A schools capital project moving toward a December 2020 vote in Niskayuna could usher in a major overhaul of how the school district approaches education for students in the middle grades.
As the school board narrowed a litany of potential district reconfiguration options Tuesday, they kept open the possibility of either establishing a single district-wide middle school for grades sixth through eighth at one of the district’s two current middle school campuses or creating a district-wide fifth and sixth grade school and a district-wide seventh and eighth grade school.
All options the board charged its architect and financial adviser with developing into more detailed proposals included maintaining the foundation of Niskayuna’s five neighborhood elementary schools, serving the early grades.
The capital project, slated to go before voters in December 2020, aims to address growing student enrollment, improve outdated building infrastructure and enable a possible change in how grade levels are distributed across the district’s schools.
During Tuesday’s board meeting Superintendent Cosimo Tangorra Jr. presented about 20 different reconfiguration options for the board to consider; the ideas emerged through the work of an outside consultant and input from members of the public and district teachers.
“We heard the faculty loud and clear: they want modern spaces that allows us to advance teaching and learning in a future-ready format,” Tangorra said.
The board ultimately narrowed to its three options, which the district’s architect will return later in the winter with more detailed proposals for what the various options would look like. The board would then narrow further to a single proposal put up for voter approval.
The board’s discussion focused on the desire to maintain neighborhood elementary schools, keep district offices in a school building and develop a new approach for the middle level.
“In all the five-plus years I’ve been on the board, addressing the middle school model has been on your (annual review),” board member Rosemarie Perez Jaquith said to Supintendent Cosimo Tangorra Jr., adding that a rethinking of the middle school model is limited by the district’s middle school buildings. “We have to address the middle school issue.”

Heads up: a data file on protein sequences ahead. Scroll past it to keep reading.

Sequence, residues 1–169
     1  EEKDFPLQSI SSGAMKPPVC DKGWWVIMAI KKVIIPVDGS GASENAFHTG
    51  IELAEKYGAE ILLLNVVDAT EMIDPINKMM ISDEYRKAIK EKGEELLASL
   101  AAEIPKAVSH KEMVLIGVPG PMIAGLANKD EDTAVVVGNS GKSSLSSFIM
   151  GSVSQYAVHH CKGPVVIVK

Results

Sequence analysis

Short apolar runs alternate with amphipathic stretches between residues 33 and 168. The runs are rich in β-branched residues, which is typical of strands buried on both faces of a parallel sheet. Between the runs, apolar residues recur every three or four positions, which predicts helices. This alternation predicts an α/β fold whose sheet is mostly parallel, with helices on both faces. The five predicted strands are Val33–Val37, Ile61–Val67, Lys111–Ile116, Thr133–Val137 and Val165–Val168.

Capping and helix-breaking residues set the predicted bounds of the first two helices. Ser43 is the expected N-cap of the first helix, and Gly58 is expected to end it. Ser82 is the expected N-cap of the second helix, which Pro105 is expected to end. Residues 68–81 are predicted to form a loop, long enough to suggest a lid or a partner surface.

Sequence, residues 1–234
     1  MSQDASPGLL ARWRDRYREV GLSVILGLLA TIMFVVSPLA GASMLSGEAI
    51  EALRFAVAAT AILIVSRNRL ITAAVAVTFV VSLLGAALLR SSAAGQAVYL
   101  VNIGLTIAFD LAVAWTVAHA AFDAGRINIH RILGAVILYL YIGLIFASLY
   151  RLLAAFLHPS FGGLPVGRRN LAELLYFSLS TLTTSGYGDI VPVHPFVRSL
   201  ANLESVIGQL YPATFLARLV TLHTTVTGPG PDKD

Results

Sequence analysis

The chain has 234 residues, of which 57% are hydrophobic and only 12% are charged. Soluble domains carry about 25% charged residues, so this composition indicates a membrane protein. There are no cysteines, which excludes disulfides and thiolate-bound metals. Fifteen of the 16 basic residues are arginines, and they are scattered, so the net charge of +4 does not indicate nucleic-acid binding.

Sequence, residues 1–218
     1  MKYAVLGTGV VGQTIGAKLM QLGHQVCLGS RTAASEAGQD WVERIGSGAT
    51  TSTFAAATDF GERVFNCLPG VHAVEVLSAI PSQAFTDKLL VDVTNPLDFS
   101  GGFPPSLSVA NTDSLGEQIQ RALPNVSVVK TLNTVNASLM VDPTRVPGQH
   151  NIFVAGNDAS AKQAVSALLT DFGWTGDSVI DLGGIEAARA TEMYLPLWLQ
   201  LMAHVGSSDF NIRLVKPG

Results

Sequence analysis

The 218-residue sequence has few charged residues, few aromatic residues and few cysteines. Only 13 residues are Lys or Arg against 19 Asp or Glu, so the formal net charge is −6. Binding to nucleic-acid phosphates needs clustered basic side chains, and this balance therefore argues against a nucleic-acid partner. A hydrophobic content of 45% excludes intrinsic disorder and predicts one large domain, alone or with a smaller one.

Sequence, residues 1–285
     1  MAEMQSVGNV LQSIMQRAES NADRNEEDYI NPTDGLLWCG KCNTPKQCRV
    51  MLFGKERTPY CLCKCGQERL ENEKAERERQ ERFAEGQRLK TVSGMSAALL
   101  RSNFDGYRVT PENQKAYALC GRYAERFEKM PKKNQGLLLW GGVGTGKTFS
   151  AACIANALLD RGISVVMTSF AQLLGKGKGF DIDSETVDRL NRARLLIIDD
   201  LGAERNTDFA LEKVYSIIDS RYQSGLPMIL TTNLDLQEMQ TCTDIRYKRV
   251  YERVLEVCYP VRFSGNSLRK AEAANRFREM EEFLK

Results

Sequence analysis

The districts architects were tasked with focusing on three possible school configurations: keep the status quo but expand buildings to accommodate growing enrollment and potentially house pre-kindergarten students; establish district-wide schools for all fifth- and sixth-graders at one current middle and all seventh- and eighth-graders at the other middle school; and, create a single middle school for all of the districts sixth- through eighth-grade students.
The board ditched a handful of other options, including scenarios that would have converted a neighborhood school into an early childhood center and district office.
A move to centralized district schools for the middle grades could enable district administrators and teachers to overhaul how it approaches education at those levels. The single-building approach would foster more teacher collaboration, limit across-district travel for teachers, open up space for music and other programming and eliminate differences in middle school education delivered at different buildings.
While the board narrowed the possible reconfiguration options, lots of questions remain. While the board asked for details on creating one middle school campus, board members asked to study housing that district-wide middle school at both Van Antwerp and Iroquois. It’s also not clear if the district moved to a single middle school how it would use the middle school building not flagged to house that campus.
Board President Howard Schlossberg asked to consider making Van Antwerp the home of district-wide middle school, noting that its one of the most central schools in the district and is walkable from many homes. Faculty members had suggested housing the district-wide middle school at the Iroquois campus.
Board members also discussed leaving open the option to use the buildings for a pre-kindergarten program in the future.
The idea of creating a single middle school for students in sixth through eighth grade came from middle school teachers who argued a single middle school would enable new education approaches at that level.
Kateri Skinner, a middle school teacher in the district, urged the board to consider a model proposed by teachers to create the district-wide sixth through eighth grade middle school for all students. She said the district’s current middle school structure – two sixth through eighth grade schools each serving roughly half the district – does not enable the kind of targeted teaching students need at both the accelerated level and students who are struggling in class.
“What we need is a configuration which is future ready and will continue to serve our students and district 15, 20, 30 years from now,” she told the school board.